Studies had suggested anticoagulation may increase the health risks in these patients, while others found no added risk.
But researchers in Sweden have taken a step closer to clarifying appropriate treatment, after their study found a lower risk of thrombotic events and death, with no extra risk of bleeding on warfarin.
A team from Karolinska Institutet in Stockholm looked at data on 24,317 patients, all of whom had AF and prior MI.
Around 52% had CKD stage three or higher based on eGFR measurements. A fifth of patients (22%) were prescribed warfarin at discharge after their MI.
Patients on warfarin had a lower one-year risk of death, MI and stroke, compared with patients not on warfarin. There was no added risk of bleeding.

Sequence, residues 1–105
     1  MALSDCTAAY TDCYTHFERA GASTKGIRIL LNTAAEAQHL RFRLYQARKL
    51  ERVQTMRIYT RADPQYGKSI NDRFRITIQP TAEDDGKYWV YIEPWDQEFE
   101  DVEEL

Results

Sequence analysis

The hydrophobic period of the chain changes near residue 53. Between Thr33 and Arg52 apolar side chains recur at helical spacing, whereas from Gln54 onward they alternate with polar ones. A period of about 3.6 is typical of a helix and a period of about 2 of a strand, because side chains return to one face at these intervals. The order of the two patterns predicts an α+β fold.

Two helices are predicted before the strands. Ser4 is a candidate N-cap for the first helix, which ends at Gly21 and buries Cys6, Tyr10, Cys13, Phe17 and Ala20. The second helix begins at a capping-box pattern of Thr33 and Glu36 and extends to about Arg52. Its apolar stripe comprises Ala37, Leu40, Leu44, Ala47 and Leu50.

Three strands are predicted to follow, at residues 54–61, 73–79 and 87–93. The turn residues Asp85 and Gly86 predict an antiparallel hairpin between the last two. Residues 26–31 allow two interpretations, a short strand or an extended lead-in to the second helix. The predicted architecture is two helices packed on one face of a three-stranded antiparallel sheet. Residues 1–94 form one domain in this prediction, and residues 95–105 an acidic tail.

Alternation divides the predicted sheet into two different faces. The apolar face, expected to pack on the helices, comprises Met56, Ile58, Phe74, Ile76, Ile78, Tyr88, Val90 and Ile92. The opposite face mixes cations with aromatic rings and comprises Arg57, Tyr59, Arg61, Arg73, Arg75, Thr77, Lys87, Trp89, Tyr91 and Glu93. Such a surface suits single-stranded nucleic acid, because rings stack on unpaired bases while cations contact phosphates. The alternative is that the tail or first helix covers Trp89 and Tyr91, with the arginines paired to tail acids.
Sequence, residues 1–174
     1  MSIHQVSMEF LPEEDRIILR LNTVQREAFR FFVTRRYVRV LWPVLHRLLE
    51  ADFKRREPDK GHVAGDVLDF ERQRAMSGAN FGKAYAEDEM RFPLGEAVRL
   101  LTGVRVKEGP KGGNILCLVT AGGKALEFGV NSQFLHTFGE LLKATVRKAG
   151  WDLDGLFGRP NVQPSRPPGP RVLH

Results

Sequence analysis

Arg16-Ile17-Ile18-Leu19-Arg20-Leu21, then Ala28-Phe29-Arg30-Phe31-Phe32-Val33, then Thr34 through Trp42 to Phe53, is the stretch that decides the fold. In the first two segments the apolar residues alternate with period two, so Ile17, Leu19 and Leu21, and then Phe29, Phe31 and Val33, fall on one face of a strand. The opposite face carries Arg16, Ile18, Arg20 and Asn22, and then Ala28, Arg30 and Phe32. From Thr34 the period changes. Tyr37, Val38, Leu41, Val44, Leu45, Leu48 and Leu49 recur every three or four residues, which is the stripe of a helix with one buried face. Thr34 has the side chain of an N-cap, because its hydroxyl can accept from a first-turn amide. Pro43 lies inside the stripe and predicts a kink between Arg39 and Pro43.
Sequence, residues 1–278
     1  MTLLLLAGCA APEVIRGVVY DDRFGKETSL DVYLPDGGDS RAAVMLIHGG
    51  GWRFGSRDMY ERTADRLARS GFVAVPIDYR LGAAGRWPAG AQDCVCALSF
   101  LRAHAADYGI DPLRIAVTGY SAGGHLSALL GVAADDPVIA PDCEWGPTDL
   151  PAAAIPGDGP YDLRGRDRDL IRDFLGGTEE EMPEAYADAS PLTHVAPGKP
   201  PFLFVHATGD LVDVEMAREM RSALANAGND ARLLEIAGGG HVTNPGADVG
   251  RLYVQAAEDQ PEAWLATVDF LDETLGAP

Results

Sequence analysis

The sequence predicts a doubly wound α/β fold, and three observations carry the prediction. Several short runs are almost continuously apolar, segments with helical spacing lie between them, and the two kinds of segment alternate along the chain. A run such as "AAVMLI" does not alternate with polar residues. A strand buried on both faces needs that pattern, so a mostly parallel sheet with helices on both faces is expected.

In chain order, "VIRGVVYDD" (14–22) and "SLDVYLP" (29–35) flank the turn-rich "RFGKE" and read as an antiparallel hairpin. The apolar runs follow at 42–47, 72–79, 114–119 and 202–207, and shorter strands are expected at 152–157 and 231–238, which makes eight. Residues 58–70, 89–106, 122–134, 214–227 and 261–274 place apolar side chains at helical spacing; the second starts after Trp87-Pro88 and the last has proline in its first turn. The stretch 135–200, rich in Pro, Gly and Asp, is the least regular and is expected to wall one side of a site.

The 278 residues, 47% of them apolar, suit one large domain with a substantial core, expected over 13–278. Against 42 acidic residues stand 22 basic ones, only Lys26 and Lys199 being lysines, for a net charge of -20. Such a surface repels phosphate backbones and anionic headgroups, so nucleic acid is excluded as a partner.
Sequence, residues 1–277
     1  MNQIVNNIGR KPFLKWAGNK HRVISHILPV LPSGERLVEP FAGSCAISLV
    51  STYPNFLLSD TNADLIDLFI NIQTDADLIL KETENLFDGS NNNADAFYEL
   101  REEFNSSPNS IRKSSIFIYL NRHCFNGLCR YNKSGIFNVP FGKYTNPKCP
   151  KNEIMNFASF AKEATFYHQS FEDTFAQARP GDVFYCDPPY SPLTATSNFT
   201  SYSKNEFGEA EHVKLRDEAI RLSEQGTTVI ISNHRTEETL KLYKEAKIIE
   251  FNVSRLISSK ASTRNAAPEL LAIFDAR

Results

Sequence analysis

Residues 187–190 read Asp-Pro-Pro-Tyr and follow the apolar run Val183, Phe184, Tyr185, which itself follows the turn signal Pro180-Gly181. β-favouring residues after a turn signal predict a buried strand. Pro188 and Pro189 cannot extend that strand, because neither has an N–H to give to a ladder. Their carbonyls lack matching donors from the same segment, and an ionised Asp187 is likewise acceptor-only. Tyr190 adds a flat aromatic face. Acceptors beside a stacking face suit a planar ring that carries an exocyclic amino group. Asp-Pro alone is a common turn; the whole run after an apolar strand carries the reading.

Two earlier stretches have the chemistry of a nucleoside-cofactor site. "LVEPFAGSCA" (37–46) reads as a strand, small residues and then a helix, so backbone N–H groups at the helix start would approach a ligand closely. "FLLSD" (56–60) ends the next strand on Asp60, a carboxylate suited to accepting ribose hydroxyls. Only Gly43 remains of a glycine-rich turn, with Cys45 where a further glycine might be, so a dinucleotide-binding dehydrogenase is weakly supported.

Importantly, this reduced risk was seen regardless of the severity of CKD. Risks were reduced by 25% in those with stage 3 CKD, and up to 45% among stage 4-5 disease.
There was also no added risk of bleeding at any severity of CKD among patients on warfarin.
Nonetheless, rates of stroke, MI and death increased with worsening of CKD severity, as did bleeding events, for all patients.
Authors concluded: ‘Warfarin treatment was associated with a lower one-year risk of the composite outcome of death, MI and ischaemic stroke, without a higher risk of bleeding, in consecutive patients with acute MI and AF. This association was not related to the severity of concurrent CKD.’
In an accompanying editorial, Dr Wolfgang Winkelmayer and Dr Mintu Turakhia of the Stanford University School of Medicine in California said the study ‘provides the best evidence to date that vitamin K antagonists are associated with improved clinical outcomes and no significant increased risk of bleeding in patients with MI and AF with advanced CKD.’